Most of all ...check 3 or 4 contractors out if you do not trust one. Most know who has the reputations in town. Talk to the building inspector also to see if there are any issues around.

The problem with the lien waver is if you have a reputable contractor...if they are a good business they won't sign a waiver, they will have no way to collect if YOU are the bad customer. Don't forget there are shady customers , any good contractor will have a screening process to see if you are legitimate and they will ask money questions. Better to have it in the open.

Always keep a great line of communication open...if you call and don't get a response that day....forget em.

Let's not forget that the good contractors are doing this as a way to make a living...just like you going to work, you want to be paid at the end of the week. If they don't pay you, you want a way to get their attention.
Imagine going to work and they tell you to sign a piece of paper so if they don't pay you this week...you have no chance of seeing that paycheck without a lawyer getting half. No way.

Yes there are good contractors out there.
Yes you have to do your homework...its a large chunk of your life being invested.
Yes they "will" cost more than the others. You get what you pay for.(if you did your homework)Plus it is cheaper to have a great job done the first time, in piece of mind and money.

Last...a great job has plenty of resale value. I know ..I'm a home inspector.

Kgdonna is correct in holding your money until something is finished according to contracts. The most important thing is to always have a good relationship with your contractor by, keepin it real and good solid communication. There will always be something that happens but a good guy will be on top of it...no questions asked.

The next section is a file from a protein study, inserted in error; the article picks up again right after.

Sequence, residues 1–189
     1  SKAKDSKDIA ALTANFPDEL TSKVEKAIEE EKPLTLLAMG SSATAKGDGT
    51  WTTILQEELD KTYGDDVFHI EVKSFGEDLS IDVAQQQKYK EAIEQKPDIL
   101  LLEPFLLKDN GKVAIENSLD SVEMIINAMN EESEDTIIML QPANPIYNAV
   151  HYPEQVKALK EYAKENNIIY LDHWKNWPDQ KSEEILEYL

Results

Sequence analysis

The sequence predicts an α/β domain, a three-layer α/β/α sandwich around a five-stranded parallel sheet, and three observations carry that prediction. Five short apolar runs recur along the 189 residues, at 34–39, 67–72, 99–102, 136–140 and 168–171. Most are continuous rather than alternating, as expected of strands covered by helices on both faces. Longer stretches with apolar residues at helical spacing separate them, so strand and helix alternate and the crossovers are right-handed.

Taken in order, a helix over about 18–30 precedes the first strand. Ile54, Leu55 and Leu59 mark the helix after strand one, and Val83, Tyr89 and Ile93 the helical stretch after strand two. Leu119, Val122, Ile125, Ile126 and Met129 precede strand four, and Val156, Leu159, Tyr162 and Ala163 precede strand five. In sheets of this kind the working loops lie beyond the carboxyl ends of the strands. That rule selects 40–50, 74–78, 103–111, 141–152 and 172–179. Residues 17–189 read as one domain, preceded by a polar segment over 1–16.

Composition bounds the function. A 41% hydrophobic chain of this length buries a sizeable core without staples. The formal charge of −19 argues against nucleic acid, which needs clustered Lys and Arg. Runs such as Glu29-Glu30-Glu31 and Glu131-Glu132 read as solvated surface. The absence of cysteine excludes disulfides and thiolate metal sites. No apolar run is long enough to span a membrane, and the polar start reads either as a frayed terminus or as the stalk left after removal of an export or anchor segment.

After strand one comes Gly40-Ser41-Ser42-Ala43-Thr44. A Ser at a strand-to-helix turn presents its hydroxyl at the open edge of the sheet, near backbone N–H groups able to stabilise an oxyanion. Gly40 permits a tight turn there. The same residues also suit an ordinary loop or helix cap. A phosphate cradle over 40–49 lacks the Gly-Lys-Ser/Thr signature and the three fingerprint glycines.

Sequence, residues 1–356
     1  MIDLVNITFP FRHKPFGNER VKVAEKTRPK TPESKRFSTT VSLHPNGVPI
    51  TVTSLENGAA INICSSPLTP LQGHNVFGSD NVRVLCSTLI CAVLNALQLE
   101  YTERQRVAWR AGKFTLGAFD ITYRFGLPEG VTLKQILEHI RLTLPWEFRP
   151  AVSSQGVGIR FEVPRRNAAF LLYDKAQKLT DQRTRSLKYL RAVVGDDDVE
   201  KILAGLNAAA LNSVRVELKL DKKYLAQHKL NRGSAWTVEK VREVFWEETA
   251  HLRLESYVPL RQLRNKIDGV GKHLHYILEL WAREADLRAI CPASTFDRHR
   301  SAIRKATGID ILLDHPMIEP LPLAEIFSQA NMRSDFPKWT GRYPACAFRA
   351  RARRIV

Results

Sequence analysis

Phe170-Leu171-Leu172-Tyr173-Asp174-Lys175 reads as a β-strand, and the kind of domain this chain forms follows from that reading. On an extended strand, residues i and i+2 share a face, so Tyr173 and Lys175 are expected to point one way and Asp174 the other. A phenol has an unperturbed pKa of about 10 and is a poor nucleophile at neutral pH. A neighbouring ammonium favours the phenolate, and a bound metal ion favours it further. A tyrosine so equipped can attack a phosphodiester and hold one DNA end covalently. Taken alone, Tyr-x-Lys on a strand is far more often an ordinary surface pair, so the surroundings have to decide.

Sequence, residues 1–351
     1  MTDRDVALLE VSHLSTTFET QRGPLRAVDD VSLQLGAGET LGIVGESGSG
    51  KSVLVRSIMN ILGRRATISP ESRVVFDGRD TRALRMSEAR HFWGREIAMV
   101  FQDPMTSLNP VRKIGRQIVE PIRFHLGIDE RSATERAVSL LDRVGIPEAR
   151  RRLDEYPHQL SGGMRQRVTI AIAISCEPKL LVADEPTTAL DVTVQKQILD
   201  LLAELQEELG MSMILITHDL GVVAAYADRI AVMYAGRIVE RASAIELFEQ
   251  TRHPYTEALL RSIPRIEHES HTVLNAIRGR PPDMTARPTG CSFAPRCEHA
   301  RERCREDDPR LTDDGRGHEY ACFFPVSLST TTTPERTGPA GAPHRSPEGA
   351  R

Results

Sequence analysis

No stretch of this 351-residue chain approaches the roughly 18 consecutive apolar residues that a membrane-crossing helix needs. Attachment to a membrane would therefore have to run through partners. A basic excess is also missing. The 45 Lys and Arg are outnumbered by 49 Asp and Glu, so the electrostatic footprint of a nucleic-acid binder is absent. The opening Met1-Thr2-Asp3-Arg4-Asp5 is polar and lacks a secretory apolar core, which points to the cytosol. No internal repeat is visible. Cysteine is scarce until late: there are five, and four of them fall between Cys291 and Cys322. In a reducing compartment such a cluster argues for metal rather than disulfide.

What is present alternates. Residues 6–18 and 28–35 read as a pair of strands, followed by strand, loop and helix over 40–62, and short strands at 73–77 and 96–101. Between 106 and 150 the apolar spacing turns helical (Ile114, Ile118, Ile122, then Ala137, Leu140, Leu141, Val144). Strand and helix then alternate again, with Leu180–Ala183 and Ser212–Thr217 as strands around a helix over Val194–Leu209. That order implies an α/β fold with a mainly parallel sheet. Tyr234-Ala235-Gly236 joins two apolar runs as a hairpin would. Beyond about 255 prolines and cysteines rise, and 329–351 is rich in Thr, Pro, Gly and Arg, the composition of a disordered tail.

Keepin the job clean.

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Old 09-14-2007, 10:28 AM  
Timber Creek
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Default Be sure to weigh the pros and cons

The replies so far have all been valid. The question of whether to use a general contractor or not is always a concern when it comes to a remodel project. The natural instinct is to look at it initially from a cost perspective. Hiring a contractor to run your project will increase the cost, no doubt, but probably not as much as you think. The fact is, most contractors don't make 25% per job, as posted above. Also, even if the contractor does, the price he or she can get the work done for is generally cheaper than the what you can pay to have it done. For instance, my pricing on materials from start to finish, is probably 10 to 12% less than what you pay. Also, I have used the same group of subcontractors for years, and they give me a better price for the work based on my volume than you could get by getting a quote from them directly. Add this cost perspective to the fact that by using the same group of subs for so long, they all know each other, and can seamlessly work together on a project without a bunch of infighting about who is responsible for what. Working with a general contractor takes many headaches away from you.

If you are going without a general, just follow some of the advice the others have given you. Get references, check insurance and licenses, and make sure your schedule allows you to be on the job during regular work hours to keep things in motion, and answer questions. Also, when you get your estimates, make sure they are as detailed as possible. One of the biggest problems that arise on the job have to do with "I thought you wanted it done this way" scenarios. These issues lead to some of the other problems, such as workers refusing to finish unless you pay them more, or you as the homeowner refusing to pay them because they didn't do it the way you thought they should.

Hope this helps.